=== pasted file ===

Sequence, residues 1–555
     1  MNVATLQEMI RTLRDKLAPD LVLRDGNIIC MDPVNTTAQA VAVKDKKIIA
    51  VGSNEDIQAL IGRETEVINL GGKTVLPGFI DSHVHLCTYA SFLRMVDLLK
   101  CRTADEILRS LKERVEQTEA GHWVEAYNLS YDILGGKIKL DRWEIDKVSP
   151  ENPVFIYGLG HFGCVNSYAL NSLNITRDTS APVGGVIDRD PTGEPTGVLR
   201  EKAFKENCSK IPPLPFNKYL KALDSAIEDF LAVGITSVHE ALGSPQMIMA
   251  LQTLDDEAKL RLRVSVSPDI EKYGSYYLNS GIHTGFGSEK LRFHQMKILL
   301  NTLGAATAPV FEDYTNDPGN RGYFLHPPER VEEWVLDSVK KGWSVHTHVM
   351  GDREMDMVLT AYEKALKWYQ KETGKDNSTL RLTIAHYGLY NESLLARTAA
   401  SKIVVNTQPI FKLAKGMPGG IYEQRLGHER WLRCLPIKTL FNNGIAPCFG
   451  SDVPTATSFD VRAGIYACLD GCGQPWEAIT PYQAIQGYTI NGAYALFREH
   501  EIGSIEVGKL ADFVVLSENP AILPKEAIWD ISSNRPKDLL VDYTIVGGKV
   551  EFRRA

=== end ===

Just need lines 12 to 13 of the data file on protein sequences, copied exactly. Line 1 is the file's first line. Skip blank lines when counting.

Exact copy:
   501  EIGSIEVGKL ADFVVLSENP AILPKEAIWD ISSNRPKDLL VDYTIVGGKV
   551  EFRRA